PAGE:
Photo: Kryptek/Jim Kinsey
The U.S. Army is considering a wardrobe change.Five camouflage design teams have been chosen to move onto the next stage of the Army’s selection and testing process of Phase IV Camouflage Improvement Effort.
The designers have to prove that their patterns of desert, woodland, and transitional camouflage stand up to scientific analysis and field trials over the next nine months.
The Army is also interested in a pattern for equipment and gear to cross over all three environment colour schemes. This means soldiers won’t have to switch their equipment to match what they’re wearing in different environments.
One of the elite teams vying for a possible Army contract is a small, yet formidable company named Kryptek, founded by two combat veterans who served together in Iraq. They’re competing against respected firms ADS (teamed with Hyperstealth Biotechnology), Brookwood Companies, Crye Precision, and a Government team from the U.S. Army Natick Soldier Systems centre.
Some of the new patterns in the running look so cool, you have to remind yourself that you’re not supposed to be visually intrigued. The whole idea of camouflage is to disappear and enhance tactical effectiveness. Up close, the blend of colours and odd shapes can be pretty stunning, but at a distance, the human eye is often tricked into sending a different message to the brain. That’s just a big rock, move on.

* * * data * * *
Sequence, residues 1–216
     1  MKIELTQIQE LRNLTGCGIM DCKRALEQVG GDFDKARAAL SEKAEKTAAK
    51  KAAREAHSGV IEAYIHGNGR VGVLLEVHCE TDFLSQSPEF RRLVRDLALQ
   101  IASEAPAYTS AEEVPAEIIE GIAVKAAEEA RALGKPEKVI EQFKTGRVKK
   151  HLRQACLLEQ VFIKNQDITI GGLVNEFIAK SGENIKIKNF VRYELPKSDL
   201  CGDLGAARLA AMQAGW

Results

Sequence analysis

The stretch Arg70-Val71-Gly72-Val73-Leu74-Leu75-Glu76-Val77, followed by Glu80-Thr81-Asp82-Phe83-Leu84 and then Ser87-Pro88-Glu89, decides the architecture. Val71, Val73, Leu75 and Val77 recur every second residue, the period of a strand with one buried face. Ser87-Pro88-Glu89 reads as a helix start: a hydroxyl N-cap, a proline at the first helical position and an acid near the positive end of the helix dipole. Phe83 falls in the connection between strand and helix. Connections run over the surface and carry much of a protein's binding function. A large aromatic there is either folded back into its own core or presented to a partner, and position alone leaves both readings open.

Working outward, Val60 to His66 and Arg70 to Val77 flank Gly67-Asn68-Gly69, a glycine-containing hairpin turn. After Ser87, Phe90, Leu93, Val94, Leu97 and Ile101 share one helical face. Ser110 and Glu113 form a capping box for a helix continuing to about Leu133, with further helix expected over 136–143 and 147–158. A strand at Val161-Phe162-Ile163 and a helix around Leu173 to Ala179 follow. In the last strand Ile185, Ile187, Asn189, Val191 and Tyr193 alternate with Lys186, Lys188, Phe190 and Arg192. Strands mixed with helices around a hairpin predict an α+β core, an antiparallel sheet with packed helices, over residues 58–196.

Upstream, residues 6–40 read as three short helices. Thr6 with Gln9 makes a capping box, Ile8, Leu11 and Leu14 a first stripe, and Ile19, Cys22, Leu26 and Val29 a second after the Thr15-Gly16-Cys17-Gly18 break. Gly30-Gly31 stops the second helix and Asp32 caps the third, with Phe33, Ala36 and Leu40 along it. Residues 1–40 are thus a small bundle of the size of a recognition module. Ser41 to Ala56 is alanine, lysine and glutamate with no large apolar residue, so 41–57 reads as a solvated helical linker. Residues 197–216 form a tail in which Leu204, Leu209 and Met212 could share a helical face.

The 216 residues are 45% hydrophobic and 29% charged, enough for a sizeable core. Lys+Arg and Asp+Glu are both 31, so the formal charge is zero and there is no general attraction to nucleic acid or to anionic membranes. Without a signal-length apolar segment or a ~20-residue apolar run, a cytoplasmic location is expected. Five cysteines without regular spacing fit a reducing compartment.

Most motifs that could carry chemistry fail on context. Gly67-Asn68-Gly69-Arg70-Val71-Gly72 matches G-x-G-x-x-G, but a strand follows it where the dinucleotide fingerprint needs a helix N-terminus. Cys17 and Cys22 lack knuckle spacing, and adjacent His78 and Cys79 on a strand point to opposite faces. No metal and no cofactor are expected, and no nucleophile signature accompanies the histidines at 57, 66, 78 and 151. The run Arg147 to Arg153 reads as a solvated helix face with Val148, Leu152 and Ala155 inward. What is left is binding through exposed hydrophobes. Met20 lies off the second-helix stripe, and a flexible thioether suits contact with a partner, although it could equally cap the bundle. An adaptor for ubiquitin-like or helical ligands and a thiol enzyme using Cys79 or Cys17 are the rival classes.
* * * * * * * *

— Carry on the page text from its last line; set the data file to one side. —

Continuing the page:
Photo: Kryptek/Jim Kinsey
Except there's someone with a weapon.
colour schemes are chosen to mimic natural surroundings.
It's best that colours are contrasted with dark and light shades so that the wearer blends into the natural reflections and shadows we're used to seeing.
Digital patterns re-create shapes found in nature, known as fractals, which we see as mere background noise.
Pixels break up the fabric into a macropattern and a micropattern, so the design doesn't appear as a solid block. Even when picked up by infrared technology, the human form is broken up and its movements are masked.
We interpret gradients and layers of colour as a textured surface with depth. In this case, the desert.
ADS explains that the brain is deceived into regarding the fabric as part of the natural environment, rather than a solid flat surface.
Kryptek's example of 3-D layering features two levels: shading in the background and sharp random shapes in the foreground.
A light-reflecting gradient helps creates a three-dimensional illusion that blends into natural terrain.
And active-duty soldiers will be field testing the Phase IV entries. The Army will then weigh the benefits and costs of adopting new camouflage.
Kryptek says their designs are made for the battlefield and the backcountry alike, so troops and civilians can both take note.
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